José A. Gutiérrez
Despite the various roles that women have played in a multitude of conflicts all over the world, they have been traditionally regarded as powerless, innocent, child-like victims in the context of war. Academic debate, however, has been moving decisively from those stereotypes, as research questions the unidimensional view of women as victims, as Carpenter argues, often conflated in a single category with children and ‘other vulnerable groups.’ Likewise, the roles of women as active participants in conflicts, whether as members of official armed forces or of irregular groups, have been the object of much more rigorous analysis over the last decade. It is no longer possible to say that women engage in conflicts merely through coercion or deception: it is clear that many women choose to participate in conflict for a wide range of reasons. Women’s participation, particularly in insurgencies that hold progressive agendas can be affirmative, as it often challenges rigid gendered norms, thus creating a space for women to access the public sphere of politics often denied to them in mainstream society. It also gives women a sense of their potential, gives them new skills, and provides them a sense of equality. Research on women combatants in Colombia, for instance, has highlighted this issue, particularly within the ranks of the Revolutionary Armed Forces of Colombia, People’s Army (FARC-EP), an insurgency where women constituted around 33% of active combatants at the time of their demobilisation in 2016.
The pervasive stereotype of women as passive victims deprived of any agency is, nonetheless, alive and kicking in salacious media stories and in policy documents shaping the institutional environment that women in the process of demobilisation will encounter. These stereotypes are damaging to the political space of women in post-conflict societies, particularly as they are used to sideline the role of former women combatants in peacebuilding. Just as women’s roles in conflict are dismissed in these dominant accounts, their roles in peacebuilding are often caricatured as deriving from a supposedly inherently maternal and peaceful nature. These ‘crude stereotypes which equate men with war and violence and women with peace’ (p.427), turn women-combatants into anomalies or degenerates who, therefore, have little or nothing to add to the prospect of peacebuilding -other than their demobilisation, and hopefully, the post-conflict condemnation of their previous cause. Therefore, while it is generally acknowledged that women’s participation in conflict resolution is necessary, there is one particular category of women who are consistently denied ‘parity of esteem’: women combatants.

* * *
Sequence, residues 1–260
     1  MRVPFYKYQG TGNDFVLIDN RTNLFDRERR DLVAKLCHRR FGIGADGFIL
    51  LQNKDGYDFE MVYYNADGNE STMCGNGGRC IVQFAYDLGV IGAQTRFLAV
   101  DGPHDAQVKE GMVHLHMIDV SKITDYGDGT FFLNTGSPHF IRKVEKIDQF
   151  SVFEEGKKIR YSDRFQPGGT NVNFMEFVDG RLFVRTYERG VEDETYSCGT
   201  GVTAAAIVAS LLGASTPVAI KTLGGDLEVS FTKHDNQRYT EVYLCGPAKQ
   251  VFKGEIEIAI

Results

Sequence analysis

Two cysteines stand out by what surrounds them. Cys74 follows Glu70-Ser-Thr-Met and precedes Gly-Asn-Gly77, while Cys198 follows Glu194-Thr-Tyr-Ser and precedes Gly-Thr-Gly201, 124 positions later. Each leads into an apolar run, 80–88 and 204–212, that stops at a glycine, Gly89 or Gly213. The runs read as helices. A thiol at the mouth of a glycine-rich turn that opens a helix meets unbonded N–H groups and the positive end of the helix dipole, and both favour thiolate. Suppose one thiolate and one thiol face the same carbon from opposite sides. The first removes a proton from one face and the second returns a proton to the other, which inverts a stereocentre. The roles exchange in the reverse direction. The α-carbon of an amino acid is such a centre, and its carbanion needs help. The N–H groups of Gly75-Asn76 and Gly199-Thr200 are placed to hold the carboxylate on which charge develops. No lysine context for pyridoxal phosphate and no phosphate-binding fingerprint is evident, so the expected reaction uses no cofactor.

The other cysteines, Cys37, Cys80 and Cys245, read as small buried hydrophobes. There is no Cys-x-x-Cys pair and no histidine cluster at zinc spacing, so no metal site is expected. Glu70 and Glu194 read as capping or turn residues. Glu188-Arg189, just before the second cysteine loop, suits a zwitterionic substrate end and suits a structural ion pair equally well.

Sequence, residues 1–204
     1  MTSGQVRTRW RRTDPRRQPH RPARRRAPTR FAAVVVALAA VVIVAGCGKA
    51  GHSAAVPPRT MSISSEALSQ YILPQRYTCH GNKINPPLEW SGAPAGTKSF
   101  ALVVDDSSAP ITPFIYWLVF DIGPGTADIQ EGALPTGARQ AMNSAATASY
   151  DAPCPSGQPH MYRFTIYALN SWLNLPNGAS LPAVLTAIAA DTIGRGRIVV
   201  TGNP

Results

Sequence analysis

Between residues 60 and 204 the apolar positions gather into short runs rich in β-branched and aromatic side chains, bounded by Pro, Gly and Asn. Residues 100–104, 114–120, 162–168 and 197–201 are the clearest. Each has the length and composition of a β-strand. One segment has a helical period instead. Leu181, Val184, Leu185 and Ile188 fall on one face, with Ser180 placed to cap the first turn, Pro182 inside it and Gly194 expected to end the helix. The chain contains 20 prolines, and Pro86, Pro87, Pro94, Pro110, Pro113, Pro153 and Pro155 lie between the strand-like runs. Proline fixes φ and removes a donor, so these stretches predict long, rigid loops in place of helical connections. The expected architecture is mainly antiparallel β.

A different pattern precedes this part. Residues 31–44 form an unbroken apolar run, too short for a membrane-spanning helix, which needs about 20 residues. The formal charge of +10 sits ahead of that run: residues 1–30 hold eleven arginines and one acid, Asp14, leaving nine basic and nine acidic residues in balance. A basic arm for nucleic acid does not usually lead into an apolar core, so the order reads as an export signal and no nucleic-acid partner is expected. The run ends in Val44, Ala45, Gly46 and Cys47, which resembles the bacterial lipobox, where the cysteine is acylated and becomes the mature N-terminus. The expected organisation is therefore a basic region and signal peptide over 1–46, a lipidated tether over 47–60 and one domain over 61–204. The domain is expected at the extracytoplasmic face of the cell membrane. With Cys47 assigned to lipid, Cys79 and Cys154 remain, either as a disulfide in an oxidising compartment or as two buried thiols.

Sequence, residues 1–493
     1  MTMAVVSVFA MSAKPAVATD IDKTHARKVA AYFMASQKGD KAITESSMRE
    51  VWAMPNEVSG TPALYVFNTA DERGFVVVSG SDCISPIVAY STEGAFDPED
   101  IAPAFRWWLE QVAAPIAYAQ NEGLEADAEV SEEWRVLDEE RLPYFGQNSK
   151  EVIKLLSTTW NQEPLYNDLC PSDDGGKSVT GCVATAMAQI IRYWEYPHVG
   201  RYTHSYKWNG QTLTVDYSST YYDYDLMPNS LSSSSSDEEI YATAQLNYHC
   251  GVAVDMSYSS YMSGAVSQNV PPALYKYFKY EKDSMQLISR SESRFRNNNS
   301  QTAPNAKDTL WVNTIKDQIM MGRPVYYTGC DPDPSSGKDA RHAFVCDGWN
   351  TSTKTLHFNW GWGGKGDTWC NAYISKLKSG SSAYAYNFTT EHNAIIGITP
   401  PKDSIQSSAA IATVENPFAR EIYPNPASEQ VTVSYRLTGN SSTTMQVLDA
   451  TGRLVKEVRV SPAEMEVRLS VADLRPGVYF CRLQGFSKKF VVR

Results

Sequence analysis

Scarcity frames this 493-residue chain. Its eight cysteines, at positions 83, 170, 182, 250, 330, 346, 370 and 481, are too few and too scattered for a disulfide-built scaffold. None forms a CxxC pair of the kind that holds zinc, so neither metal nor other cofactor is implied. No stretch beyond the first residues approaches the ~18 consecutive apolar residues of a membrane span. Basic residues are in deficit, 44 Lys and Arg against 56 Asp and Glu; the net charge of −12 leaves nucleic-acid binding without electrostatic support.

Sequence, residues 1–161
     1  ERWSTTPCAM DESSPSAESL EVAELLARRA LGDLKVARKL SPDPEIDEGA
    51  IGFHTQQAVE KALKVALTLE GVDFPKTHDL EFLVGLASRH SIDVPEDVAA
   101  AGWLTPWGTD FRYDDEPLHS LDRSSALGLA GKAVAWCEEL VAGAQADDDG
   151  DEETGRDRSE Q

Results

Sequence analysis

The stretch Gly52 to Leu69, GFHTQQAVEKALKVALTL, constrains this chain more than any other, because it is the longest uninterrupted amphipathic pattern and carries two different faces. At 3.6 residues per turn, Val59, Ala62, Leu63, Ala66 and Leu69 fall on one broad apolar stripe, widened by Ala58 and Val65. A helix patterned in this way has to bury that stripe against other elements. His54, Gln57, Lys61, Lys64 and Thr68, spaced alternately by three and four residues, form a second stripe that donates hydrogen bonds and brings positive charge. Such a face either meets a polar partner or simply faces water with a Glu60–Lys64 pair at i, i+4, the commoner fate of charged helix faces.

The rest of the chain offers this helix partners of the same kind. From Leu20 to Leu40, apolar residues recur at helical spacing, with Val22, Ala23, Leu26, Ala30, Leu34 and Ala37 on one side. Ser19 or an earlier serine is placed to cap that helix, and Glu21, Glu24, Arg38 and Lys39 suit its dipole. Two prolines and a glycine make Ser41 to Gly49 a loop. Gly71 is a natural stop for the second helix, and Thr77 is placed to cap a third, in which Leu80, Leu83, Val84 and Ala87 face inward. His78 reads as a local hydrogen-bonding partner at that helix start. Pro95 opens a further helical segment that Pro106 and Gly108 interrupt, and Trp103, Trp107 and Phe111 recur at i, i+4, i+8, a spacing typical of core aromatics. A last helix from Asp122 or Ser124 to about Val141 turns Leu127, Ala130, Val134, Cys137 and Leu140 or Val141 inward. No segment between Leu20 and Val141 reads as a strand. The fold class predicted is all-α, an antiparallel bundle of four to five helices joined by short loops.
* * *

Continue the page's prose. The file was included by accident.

We argue that former women combatants, precisely because of their wartime experiences, can have a potentially transformative role in peacebuilding and contribute to more egalitarian post-conflict relations, thus contributing to the transformation of those social realities that are often at the heart of gendered physical, structural, cultural and systemic violence. Unlike the liberal peacebuilding paradigm that idealises pre-conflict realities and seeks a mere demobilisation, disarmament and reintegration into mainstream society, we argue that often pre-conflict society is hardly a rosy picture for most women: there are structures of violence that need to be addressed in order to build sustainable peace. In Colombia, the government and all the forces of the status quo staunchly opposed discussing any of those structures of violence. Indeed, early in the peace process, the government named three ‘red lines’ that would not be negotiated under any circumstances: the political system, the economic regime, and the military. This seriously limited the transformative potential of the negotiations, even by the standards of the most conservative versions of transitional justice! As a result, the peace process, despite grandiloquent rhetoric, ended up as an exercise of reintegration into the very same society—with largely unreformed institutions—in which the conflict originated in the first place. No wonder then, that even after the peace agreement, organised violence is rife, leading to a new and murkier cycle of political violence.